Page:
Bloom into You is very much a character-driven story, with a steady pace that dedicates time to building up Yuu and Touko as characters first and having the romantic elements come after—which may come to you as a breath of fresh air to many in this oversaturated genre of romance. Yuu doesn’t know how it feels to love someone, more so, she has an unrealistic and romanticized view of love, inspired by music and shoujo manga—It’s supposed to be an overwhelming and perfect experience like you’re walking on air that sends your heart aflutter. After being confessed to by a boy, she doesn’t feel anything. It just isn't the way she's been led to believe it's “supposed” to be. This makes her come to the conclusion that she is incapable of falling in love with anyone. This all changes when she meets a member of the student council in Touko. The irony here is that Yuu wants to be close to her, that perhaps she can learn to love and reciprocate her feelings—in contrast with Touko who finally has someone who is unable to love in which she finds comfort in. That someone where she can be herself around, free her from her lonely struggles.
The source of the underlying conflict is what makes it so unique. The characters’ struggles are very complex but understandable and relatable in some cases. The plot is not driven by pure misunderstandings. Touko is the way she is because of a traumatic experience from her past and also, having to live up to the high expectations as a role model student, who is seemingly perfect in every way to the likes of her older sister Mio. This affects her on multiple fronts, she doesn’t want Yuu to end up falling for her when she can’t even love and accept herself. The characters feel very real and layered, everyone is fairly likeable and the story manages to tell the events from each one's point of view without compromising the development of the main duo. Bloom into You has very appreciable pacing, really exploring its themes; which are intriguing and fresh for a romance and taking its time without indulging in unnecessary melodrama. Everything feels like it's moving the plot forward, and this makes for a compelling story.
While the issues of the main ship and the main characters themselves remain interesting and reasonable, the supporting cast feels like real people as well as opposed to the character tropes we often see in all romance media. Meet Sayaka Saeki, she is very close friends with Touka and has secretly loved her for a long time now. Sayaka has been very loyal and supportive to the star pupil, she really wants to confess her love but she fears that it could ruin their current relationship. She too understands Touko’s dilemma’s and is rather jealous of the attention Yuu is getting from Touko. She feels as if Yuu has come in to take this connection away from her. This dynamic is very interesting as it feels like Sayaka would become sort of an antagonist but she is given a backstory, a moment of introspection and goals where she grows into one of the most likeable characters. Seiji Maki is a good contrast to Yuu as he is sort of similar in terms of being incapable of falling in love with the difference is that he comes across as an aromantic person, telling Yuu that he is not the same as her, as he can tell that Yuu actually loves Touko. Seiji tries to direct her on a path where she can realize that love comes in many shapes and forms, that it can also be unexpected.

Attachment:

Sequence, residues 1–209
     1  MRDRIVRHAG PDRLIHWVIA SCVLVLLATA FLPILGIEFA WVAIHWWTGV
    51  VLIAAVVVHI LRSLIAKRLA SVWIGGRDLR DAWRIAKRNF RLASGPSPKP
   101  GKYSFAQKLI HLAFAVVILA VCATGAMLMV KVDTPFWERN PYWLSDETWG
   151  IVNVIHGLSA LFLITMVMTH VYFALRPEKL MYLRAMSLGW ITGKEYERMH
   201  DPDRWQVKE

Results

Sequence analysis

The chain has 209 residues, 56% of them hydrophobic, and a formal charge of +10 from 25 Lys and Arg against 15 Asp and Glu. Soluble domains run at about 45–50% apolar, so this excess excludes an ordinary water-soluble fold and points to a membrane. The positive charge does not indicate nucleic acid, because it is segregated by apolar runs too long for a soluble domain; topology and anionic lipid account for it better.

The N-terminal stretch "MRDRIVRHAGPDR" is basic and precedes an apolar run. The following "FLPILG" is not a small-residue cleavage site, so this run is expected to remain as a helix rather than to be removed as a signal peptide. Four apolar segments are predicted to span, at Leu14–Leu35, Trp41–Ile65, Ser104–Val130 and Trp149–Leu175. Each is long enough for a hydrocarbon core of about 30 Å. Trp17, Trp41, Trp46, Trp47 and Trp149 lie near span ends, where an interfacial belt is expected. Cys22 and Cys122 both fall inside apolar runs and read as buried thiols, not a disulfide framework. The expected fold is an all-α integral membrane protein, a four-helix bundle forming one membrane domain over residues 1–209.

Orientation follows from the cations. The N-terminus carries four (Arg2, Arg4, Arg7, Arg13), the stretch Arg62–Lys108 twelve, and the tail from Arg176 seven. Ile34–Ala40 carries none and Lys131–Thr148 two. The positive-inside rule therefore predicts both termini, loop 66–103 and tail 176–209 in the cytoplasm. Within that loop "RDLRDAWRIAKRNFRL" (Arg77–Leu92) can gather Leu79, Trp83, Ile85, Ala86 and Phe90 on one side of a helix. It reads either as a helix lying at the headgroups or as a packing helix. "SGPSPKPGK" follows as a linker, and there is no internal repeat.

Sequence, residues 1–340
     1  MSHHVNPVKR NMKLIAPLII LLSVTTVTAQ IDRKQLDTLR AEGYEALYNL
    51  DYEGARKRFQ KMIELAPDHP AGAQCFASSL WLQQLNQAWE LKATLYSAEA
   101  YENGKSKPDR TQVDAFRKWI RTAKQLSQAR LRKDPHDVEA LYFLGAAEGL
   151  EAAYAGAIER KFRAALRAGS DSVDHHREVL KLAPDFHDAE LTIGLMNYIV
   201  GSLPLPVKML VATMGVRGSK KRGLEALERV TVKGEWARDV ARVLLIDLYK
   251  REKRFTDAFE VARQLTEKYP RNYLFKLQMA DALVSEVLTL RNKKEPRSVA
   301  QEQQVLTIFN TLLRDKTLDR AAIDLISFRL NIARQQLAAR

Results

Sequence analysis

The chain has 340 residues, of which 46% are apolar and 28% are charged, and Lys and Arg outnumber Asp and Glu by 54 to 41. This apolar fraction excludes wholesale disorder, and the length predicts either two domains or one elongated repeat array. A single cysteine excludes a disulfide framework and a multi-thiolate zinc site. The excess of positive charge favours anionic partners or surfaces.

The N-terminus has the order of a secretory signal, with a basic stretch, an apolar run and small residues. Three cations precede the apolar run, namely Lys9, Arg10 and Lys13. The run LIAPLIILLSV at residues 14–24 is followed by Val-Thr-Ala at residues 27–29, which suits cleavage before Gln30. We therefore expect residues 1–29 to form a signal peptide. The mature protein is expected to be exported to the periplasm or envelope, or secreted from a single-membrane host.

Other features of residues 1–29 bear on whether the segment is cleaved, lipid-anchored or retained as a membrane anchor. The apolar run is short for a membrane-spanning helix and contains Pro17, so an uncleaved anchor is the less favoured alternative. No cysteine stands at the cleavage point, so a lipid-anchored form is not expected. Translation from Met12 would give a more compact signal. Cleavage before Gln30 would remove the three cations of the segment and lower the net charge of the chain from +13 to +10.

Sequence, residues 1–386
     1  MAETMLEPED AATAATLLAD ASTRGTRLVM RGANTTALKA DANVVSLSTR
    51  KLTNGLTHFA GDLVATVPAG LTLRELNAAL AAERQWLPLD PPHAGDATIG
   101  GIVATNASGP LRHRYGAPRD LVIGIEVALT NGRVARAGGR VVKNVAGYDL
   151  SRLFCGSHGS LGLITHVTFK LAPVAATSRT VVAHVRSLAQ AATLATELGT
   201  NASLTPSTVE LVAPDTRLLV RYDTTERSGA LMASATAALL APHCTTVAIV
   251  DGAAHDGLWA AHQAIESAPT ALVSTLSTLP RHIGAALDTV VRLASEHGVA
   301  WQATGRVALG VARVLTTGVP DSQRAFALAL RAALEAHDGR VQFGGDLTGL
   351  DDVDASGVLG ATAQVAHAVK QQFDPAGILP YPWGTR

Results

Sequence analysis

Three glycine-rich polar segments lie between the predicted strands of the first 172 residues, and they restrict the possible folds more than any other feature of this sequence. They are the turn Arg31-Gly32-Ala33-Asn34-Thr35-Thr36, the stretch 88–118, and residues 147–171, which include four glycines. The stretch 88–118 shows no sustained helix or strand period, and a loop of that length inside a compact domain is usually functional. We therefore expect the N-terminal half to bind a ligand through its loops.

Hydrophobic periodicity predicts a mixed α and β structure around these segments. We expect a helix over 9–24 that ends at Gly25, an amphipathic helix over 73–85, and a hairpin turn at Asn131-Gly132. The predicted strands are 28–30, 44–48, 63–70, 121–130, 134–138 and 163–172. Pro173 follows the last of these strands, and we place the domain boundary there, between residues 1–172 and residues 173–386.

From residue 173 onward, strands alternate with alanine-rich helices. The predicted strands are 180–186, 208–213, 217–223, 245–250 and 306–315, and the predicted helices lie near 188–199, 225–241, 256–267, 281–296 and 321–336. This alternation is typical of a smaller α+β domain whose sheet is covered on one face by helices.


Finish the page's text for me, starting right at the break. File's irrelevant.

From what I have seen, the art has remained faithful to Nio Nakatani’s manga thanks to TROYCA. The studio did a remarkable job of the designs, animation, layouts, colours, score, script and layout. They all come together, perfectly in sync that it gently draws the audience into its sensory and emotional world. The appeal comes from the gorgeous background art and amazing use of camera angles and special effects, it’s telling that director Makoto Katou has a great understanding of balancing the artistic and technical aspects of cinematography. You can see this is full effect in the series premiere as well as its OP. The visuals are breathtaking, filled to the brim of symbolic imagery, telling a story by the art and animation alone, complemented by a goosebumps-invoking song called "Kimi ni Furete” which is performed by Riko Azuna.
The very fore-fronted orchestral soundtrack comes from the genius mind of Michiru Oshima who composed for series such as Akagami no Shirayuki-hime, Fullmetal Alchemist, Little Witch Academia (TV), So Ra No Wo To and Yojouhan Shinwa Taikei. It becomes one with all of the themes and the aesthetics of Bloom into You and shows a great understanding of the use of the piano by balancing the harmonics with both bright and mellow tones which gives the show added emotional weight behind its impact moments and colour with a wide variety of harmonics to compliment the many emotions throughout. The visuals and music go just as well together as the pairing of Yuu and Touko, which is why the atmosphere of the show is so alluring.
Bloom into You perfectly balances all of the different moods, focusing on the heart of its drama which is Yuu's developing feelings, Touko’s self-loathing and Sayaka’s selflessness. And it does this without making things feel forced or implementing unnecessary fanservice. I appreciate that it’s not all sunshine and rainbows and that it takes time to show the good times along with the bad when in love, both joy and heartache. Every flower blooms at a different pace, sometimes we need time to realize and understand our own feelings, by carefully listening to our heart as well as learning to love and accept ourselves before we are able to love others. All of us blossom when we feel loved, and wither when we do not feel loved. This is the core message that Bloom into You presents that makes it one of the better romances in recent time.